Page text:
Aperture and Focus Points
The maximum aperture of the lens has an effect on the ability of the autofocus system and which autofocus points are actually available. The autofocus system needs light to work, which is why it has trouble in situations with very low light.
You need to understand how the camera and lens work together when you take a photo. When you mount a lens on the camera, the camera opens the aperture in the lens to the widest possible opening, allowing the most light through the lens. This helps the camera focus. When you press the shutter release button all the way down, the camera adjusts the aperture to the needed values for the proper exposure, then raises the shutter to record the image.
For example, if you are taking a photo in bright sunlight with the exposure setting set to 1/500 second, f/8.0, and ISO 400 using the 24–70mm f/2.8 lens, the camera will have the aperture set to f/2.8 until right before the shutter is raised, when it adjusts the aperture from f/2.8 to f/8.0. Right after the image is taken, the camera opens the aperture to f/2.8 again, allowing the maximum amount of light into the camera.
This gets a little more complicated if you are using a variable aperture lens for which the maximum aperture changes depending on the focal length. The camera still keeps the aperture as wide open as possible, but that changes depending on the focal length. For example, if you are using the 70–300mm f/4–5.6 lens, the camera will open the aperture up to f/4.0 when at 70mm and f/5.6 at 300mm.
Depending on the camera, some focus points don’t work if the aperture is not wide enough. That means that even if the camera has more than 50 focus points, if you use a lens that doesn’t open wide enough at the widest aperture, some of those points won’t work. The usual cutoff for this is between f/5.6 and f/8 and won’t affect most photographers, because the widest aperture on most lenses is at least f/5.6. At times, however, especially when using a long lens coupled with a tele-extender, some of the AF points in the camera are just not going to work. If you find that this is happening to you, stick to the center points, which are usually the more sensitive ones and work even at the smaller apertures.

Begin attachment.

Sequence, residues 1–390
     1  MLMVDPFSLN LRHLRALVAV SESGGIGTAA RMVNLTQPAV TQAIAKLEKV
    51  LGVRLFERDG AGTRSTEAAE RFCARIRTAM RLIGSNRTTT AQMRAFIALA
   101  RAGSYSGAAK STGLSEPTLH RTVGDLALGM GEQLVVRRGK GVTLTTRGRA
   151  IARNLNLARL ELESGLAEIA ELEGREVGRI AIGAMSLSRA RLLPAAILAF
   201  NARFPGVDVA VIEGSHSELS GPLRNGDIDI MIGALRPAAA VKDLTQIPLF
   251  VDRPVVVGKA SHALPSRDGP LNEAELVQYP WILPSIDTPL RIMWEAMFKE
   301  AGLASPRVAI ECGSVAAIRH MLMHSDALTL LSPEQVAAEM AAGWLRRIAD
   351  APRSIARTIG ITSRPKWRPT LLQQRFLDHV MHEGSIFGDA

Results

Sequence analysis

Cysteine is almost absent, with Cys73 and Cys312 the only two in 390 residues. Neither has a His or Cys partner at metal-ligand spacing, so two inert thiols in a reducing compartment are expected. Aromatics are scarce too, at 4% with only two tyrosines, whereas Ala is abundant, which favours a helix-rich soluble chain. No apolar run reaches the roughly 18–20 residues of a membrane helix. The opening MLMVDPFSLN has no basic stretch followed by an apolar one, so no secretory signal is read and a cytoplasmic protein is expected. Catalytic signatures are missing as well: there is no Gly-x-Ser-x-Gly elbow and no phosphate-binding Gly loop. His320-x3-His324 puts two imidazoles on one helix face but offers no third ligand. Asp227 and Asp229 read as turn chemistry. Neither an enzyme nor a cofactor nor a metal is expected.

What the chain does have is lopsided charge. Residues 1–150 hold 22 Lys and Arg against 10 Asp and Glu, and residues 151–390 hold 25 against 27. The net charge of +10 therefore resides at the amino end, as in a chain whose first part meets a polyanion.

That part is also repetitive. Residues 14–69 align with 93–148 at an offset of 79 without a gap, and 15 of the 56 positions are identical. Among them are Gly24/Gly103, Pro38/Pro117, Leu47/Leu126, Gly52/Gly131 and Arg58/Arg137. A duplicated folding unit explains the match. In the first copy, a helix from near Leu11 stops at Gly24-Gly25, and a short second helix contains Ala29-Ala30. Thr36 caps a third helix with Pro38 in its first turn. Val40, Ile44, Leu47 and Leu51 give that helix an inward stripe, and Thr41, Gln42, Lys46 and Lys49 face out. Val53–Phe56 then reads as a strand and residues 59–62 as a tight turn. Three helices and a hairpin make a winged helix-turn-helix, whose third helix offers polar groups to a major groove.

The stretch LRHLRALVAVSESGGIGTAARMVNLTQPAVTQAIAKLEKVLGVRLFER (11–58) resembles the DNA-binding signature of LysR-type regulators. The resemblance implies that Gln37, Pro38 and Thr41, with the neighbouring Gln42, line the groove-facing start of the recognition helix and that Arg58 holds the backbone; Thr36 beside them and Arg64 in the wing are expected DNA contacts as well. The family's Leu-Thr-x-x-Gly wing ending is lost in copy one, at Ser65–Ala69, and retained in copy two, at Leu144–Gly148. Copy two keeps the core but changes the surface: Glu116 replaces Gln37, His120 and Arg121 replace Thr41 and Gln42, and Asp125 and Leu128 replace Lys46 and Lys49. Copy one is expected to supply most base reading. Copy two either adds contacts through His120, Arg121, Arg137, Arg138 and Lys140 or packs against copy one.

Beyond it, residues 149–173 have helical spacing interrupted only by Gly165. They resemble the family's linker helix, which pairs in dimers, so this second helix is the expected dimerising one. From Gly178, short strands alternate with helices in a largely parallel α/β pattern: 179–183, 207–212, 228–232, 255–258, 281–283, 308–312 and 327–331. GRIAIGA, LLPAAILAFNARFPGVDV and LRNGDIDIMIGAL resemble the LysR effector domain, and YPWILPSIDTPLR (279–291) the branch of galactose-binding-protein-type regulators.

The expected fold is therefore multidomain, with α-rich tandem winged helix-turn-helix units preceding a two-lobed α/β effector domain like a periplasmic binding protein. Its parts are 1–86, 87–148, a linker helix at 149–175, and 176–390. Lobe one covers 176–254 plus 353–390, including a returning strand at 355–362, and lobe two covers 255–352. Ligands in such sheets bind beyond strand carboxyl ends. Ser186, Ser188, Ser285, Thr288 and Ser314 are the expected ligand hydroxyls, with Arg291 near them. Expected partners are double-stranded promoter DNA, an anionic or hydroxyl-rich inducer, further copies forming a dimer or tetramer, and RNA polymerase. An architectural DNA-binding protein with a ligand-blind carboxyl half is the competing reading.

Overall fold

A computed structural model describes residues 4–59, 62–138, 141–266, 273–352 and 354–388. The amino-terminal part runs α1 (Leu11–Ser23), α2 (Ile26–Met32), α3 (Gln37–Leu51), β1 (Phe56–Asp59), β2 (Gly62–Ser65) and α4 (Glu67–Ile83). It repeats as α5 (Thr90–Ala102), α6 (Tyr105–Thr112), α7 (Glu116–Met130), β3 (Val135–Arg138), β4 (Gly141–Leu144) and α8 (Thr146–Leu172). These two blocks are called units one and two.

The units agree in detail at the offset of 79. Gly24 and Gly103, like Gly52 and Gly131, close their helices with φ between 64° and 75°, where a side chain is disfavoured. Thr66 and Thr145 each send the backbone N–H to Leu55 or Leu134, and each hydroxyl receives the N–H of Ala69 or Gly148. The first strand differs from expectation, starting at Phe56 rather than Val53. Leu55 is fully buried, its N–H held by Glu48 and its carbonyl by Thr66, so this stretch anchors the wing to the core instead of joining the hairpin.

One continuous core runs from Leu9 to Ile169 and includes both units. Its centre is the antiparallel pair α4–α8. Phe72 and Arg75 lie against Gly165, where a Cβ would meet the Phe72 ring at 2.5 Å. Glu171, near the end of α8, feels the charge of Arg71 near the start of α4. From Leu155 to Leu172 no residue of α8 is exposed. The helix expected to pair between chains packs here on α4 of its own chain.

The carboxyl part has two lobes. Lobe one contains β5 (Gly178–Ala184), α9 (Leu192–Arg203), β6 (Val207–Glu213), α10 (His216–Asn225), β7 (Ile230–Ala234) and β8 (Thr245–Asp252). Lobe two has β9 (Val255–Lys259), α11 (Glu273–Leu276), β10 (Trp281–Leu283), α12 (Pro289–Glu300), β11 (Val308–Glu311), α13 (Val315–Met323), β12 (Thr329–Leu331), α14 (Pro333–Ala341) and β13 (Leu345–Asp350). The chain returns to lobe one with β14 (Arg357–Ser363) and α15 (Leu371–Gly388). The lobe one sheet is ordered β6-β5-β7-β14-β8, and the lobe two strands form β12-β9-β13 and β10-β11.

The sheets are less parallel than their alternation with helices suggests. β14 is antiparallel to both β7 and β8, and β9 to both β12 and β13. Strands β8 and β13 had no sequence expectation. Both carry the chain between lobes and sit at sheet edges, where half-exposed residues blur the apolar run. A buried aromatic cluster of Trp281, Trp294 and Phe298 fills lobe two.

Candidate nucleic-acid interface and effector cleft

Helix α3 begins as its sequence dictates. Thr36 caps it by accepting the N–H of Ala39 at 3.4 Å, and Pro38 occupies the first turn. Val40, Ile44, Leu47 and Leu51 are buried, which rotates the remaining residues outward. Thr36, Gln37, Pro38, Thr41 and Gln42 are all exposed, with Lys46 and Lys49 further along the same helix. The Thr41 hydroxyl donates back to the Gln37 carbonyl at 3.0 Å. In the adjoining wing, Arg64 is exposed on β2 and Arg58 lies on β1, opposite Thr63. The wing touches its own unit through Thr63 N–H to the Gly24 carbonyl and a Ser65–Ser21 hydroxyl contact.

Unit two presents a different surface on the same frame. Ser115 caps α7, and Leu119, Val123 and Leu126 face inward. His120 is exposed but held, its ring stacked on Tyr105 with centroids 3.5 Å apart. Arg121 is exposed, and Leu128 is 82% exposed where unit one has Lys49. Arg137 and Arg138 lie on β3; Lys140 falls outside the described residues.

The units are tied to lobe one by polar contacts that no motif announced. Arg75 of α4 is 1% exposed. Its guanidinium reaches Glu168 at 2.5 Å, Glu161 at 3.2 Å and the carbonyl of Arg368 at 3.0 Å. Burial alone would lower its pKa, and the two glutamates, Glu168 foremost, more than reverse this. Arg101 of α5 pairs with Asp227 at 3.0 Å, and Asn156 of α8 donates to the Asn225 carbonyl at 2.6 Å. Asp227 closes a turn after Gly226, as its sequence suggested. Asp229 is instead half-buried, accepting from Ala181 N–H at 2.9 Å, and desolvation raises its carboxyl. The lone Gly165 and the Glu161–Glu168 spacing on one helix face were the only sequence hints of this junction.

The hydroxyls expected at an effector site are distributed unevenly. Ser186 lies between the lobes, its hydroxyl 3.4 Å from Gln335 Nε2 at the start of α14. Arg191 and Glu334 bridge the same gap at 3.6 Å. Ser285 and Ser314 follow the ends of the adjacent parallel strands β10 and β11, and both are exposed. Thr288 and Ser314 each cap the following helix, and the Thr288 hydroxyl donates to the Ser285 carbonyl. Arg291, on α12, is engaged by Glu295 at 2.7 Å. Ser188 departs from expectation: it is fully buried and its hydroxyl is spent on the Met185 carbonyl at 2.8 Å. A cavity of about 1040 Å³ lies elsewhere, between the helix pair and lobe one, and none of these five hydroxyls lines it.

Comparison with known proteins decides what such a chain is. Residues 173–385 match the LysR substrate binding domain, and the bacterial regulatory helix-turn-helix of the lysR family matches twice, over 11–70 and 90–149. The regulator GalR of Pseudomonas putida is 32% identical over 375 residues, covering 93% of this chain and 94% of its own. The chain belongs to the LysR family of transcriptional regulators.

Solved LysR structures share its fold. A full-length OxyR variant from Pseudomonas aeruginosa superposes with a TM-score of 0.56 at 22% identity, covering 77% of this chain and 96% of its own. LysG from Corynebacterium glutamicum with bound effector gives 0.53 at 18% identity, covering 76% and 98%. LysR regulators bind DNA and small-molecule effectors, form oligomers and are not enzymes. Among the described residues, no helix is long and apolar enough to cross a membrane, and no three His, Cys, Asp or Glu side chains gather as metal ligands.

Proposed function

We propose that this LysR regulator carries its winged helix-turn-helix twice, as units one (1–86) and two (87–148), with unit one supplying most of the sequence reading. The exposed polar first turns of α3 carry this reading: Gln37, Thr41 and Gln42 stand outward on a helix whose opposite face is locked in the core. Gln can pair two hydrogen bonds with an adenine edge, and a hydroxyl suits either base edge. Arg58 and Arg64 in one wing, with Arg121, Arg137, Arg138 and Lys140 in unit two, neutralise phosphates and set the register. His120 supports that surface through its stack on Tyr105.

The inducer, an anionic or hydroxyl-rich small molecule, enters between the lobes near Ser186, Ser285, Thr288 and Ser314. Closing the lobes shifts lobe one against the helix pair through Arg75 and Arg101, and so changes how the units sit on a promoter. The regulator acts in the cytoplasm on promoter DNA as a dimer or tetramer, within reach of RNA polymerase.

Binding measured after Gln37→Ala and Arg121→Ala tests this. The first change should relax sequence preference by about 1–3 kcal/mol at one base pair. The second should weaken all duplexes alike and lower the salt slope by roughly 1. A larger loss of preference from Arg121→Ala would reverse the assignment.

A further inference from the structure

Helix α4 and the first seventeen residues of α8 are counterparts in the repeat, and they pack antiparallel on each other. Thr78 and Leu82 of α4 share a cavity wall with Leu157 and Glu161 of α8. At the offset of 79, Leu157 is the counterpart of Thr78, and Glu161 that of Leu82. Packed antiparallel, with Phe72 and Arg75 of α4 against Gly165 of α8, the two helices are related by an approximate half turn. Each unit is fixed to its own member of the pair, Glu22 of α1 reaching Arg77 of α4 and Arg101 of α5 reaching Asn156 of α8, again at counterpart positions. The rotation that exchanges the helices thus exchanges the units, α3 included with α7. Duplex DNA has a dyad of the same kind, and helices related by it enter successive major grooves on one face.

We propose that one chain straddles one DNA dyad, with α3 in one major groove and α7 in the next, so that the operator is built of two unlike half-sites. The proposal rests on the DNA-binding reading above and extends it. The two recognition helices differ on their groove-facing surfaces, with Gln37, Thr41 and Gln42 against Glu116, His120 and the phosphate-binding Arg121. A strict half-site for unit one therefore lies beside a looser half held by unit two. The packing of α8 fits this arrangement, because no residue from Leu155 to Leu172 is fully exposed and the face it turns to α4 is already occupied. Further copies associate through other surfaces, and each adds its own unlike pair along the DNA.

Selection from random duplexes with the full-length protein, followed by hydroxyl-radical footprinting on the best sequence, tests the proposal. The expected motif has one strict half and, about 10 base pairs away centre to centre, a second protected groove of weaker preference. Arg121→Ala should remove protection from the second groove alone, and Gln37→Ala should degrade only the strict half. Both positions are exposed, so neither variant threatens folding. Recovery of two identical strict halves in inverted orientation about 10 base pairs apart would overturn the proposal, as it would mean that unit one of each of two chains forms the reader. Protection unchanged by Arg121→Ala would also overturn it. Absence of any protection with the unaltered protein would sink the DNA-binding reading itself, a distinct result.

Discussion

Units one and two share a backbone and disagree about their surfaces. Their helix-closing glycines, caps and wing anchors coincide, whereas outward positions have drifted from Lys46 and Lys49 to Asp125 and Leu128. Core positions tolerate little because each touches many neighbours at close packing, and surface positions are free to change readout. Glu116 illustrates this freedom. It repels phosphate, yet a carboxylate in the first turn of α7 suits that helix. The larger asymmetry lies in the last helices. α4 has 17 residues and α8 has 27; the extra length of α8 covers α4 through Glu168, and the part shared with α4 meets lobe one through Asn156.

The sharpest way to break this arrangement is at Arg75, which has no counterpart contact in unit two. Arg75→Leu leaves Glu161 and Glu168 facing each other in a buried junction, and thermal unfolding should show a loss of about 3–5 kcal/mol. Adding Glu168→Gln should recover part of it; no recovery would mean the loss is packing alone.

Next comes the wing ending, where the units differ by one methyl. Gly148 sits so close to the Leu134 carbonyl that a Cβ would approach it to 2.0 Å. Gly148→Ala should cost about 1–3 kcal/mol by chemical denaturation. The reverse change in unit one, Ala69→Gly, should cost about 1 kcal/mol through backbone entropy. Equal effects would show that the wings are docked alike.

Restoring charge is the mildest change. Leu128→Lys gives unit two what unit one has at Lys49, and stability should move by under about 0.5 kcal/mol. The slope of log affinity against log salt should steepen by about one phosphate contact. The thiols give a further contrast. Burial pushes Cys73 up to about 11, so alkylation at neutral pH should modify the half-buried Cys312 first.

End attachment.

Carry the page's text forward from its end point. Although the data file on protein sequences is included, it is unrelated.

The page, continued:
For example, the professional-level Nikon D4 DSLR has 51 AF points, and all of them work with lenses that open up to a maximum aperture of f/5.6, with 15 of them acting as cross-type sensors and the rest as linear sensors (Figure 4.11). When you use a lens that has a maximum aperture of f/8.0, 11 of the sensors work with the center AF point acting as a cross-type sensor (Figure 4.12). When you have a lens that has a maximum aperture slower than f/5.6 but faster than f/8.0, there are 15 AF points, with 9 acting as cross-type and the rest as linear (Figure 4.13).
Figure 4.11 These D4 focus points are active when using lenses at f/5.6 and faster. The red AF points are cross-type, while the rest are linear.
Figure 4.12 These D4 focus points are active when using lenses that are faster than f/8.0 and slower than f/5.6. The red AF points are cross-type, while the rest are linear.
Figure 4.13 These D4 focus points are active when using lenses that have a maximum aperture of f/8.0. The red AF point is a cross-type, while the rest are linear.